My answer, if he does act on the course, is a resounding yes. There are issues with all the other leading players in the market:
Presenting Percy – a worthy favourite, but yet to be seen on a racecourse this season. His previous build-up for Cheltenham wins took in six and five races in 2016 and 2017 respectively. Whilst true that his trainer favours unorthodox preparation for the festival, this unorthodoxy has always previously involved the horse actually running!
Native River – respected of course as champion, but that brutal race last year may mean he is past his absolute peak; also, only the very best horses win two Gold Cups, and he certainly isn’t an all-time great in terms of ability.
Kemboy – not yet shown that he can stay the extra two furlongs up the hill and only fourth in last season’s JLT.
Clan des Obeaux – well-beaten by Bristol de Mai at Haydock; form of his King George win highly questionable.
Thistlecrack – 11 years old and surely not a fluent enough jumper to win the big prize.
Road To Respect – Respected for his fourth in unsuitable conditions last year, but only a distant third in the Savills Chase at Leopardstown over Christmas, and that’s a concern.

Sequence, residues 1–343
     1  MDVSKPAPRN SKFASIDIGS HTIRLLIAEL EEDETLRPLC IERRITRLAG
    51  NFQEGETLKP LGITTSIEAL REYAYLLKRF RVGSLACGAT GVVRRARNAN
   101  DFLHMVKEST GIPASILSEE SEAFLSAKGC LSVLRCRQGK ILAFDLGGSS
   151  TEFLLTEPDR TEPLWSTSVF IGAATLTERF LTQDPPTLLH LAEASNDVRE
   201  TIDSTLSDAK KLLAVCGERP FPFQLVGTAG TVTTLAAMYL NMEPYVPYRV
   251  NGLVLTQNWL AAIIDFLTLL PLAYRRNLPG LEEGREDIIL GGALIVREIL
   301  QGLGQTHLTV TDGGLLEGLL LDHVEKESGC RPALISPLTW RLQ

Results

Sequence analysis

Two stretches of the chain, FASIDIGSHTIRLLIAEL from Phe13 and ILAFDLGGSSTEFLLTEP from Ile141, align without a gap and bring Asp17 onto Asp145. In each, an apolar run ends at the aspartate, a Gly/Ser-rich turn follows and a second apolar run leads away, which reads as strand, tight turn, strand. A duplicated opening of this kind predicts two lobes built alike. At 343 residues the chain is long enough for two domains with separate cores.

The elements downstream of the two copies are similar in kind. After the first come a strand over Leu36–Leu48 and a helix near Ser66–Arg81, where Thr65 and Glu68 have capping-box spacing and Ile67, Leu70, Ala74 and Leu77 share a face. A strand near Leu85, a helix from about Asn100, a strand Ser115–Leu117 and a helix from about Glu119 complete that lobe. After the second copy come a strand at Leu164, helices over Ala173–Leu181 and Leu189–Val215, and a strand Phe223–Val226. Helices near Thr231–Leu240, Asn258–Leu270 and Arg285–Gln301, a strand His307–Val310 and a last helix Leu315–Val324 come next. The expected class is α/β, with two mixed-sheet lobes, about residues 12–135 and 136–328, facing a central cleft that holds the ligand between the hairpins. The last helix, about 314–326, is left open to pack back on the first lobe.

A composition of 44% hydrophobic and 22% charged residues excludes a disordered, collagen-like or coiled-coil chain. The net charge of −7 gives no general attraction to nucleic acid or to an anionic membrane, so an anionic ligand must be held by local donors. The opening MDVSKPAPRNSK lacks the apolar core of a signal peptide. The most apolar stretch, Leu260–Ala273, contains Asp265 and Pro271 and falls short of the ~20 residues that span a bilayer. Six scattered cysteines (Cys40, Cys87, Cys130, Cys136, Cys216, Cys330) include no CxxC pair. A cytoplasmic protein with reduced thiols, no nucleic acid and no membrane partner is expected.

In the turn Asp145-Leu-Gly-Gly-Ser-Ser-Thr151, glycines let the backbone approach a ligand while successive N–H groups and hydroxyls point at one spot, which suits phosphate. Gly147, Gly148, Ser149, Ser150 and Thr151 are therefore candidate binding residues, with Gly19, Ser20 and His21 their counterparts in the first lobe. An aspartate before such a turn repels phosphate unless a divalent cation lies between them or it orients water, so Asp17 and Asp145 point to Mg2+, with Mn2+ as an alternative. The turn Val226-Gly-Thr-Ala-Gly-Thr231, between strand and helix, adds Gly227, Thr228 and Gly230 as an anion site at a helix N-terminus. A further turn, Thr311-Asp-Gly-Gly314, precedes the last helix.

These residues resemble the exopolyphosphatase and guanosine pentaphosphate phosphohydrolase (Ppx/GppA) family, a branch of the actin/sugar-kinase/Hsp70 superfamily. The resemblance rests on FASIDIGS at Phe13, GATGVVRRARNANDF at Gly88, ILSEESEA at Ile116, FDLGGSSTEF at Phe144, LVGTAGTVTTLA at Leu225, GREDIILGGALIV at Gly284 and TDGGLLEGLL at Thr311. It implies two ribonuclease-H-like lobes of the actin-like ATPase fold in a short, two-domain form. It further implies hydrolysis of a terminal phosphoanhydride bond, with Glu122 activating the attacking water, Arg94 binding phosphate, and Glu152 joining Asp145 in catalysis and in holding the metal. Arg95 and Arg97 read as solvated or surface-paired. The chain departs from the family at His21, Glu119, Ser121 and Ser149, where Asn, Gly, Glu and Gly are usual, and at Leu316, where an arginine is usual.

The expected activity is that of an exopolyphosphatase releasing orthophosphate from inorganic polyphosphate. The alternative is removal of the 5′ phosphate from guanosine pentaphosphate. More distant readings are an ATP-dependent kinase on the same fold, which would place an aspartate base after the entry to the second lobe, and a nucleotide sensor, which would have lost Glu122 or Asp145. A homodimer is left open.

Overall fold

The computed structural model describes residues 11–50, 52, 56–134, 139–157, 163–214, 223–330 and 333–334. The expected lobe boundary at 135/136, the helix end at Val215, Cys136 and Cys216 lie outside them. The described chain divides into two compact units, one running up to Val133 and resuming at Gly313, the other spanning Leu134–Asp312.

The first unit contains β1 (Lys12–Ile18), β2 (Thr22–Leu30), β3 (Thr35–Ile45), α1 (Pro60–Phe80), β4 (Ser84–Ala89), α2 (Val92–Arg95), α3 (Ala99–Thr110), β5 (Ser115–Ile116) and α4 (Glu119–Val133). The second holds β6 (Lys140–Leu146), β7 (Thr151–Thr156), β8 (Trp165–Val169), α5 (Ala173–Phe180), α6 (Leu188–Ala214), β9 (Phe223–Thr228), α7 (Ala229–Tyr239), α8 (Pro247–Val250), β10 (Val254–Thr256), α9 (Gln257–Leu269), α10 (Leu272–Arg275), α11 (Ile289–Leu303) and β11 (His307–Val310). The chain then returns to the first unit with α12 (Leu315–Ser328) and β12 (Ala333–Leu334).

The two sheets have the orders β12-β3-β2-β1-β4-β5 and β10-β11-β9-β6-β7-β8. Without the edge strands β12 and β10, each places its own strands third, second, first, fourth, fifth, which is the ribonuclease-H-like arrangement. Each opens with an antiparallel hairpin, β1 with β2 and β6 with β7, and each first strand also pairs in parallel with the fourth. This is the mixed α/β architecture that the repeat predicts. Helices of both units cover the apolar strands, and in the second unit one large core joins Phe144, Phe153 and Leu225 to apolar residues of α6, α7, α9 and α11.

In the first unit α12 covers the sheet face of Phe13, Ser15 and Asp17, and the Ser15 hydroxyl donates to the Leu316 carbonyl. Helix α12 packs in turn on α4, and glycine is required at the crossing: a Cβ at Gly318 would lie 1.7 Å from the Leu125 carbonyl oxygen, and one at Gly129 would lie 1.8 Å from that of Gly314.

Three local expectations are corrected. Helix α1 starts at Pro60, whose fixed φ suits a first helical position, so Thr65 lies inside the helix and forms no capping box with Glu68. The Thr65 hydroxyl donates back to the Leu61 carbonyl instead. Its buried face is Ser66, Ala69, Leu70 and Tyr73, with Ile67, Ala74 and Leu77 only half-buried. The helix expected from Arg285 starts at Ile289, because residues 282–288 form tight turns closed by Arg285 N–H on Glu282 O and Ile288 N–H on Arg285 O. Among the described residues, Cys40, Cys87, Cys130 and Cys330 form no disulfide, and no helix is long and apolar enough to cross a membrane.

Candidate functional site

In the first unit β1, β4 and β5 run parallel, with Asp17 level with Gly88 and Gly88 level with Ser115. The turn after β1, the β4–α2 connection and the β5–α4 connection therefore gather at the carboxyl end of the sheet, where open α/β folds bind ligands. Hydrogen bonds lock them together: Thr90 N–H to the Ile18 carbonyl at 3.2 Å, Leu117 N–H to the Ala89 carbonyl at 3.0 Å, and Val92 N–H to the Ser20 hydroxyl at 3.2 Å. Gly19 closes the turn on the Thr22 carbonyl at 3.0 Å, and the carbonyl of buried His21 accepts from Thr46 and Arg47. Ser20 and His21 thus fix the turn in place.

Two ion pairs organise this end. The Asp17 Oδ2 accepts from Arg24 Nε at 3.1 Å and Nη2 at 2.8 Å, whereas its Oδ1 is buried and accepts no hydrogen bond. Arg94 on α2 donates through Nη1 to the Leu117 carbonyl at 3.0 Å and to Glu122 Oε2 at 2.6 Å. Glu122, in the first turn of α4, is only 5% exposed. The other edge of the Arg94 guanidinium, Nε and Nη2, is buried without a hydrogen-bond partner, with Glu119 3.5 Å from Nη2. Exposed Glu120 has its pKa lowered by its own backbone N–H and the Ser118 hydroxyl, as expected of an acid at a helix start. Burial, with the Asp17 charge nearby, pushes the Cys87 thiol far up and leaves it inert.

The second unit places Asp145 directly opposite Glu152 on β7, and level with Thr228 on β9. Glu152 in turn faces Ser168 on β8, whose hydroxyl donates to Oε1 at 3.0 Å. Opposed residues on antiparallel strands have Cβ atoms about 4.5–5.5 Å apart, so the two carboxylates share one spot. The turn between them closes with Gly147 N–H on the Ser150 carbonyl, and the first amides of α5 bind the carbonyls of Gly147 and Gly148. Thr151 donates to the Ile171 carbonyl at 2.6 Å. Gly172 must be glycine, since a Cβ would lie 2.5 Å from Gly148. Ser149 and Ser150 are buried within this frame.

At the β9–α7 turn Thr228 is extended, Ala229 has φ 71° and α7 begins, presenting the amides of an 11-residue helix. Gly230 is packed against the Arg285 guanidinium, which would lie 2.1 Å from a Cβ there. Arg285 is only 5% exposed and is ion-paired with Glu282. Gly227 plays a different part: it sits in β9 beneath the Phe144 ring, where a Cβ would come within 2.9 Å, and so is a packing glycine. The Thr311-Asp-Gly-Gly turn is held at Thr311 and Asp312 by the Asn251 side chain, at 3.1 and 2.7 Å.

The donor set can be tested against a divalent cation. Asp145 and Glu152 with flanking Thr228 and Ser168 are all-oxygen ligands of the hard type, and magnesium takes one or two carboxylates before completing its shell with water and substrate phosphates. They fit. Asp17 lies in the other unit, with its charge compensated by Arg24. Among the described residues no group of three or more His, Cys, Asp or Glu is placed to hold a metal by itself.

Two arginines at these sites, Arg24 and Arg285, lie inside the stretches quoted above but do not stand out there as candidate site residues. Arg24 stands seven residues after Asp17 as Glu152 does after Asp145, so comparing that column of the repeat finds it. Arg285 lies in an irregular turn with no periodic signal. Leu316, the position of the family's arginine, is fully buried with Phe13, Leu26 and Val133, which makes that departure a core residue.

Al Boum Photo – only completed four of his seven chase starts, and fell at Cheltenham last year. There’s also no guarantee he will stay.
Bellshill – every chance if fully fit by March, but he has work to do on that front.
Might Bite – potentially ‘gone at the game’ after 2018’s epic battle with Native River.
Sizing John – has yet to show he has retained his ability and is fully-fit.
Elegant Escape – a wonderful horse, but in my mind too slow to win a good ground Gold Cup run at a strong pace.
Many of these horses could win the Gold Cup – and one of them is very likely to – but the question is the value of a 33/1 bet, not 3/1. With so many doubts about his rivals, Bristol de Mai looks a very generous price.
The main factor when considering ante-post betting in the Ryanair Chase is which horses will actually end up taking part rather than pursuing alternative targets. Of those almost certain to end up in the Ryanair if fit and well – taking trainer comments into account as well as the most logical targets – Min, Waiting Patiently and Monalee would all have major claims, while Paul Nicholls’ duo of Politilogue and Frodon would have to be respected.
All of these horses have every chance in March, but are accordingly short in the market and represent little, if any, value two months before the action starts. Yet further down the list of highly-likely runners, there is one which may have been underestimated, Venetia Williams’ ASO. On the face of it, this horse isn’t up to winning an open Grade One, having competed largely in big-field handicaps since 2016, but a closer look leads to a different conclusion.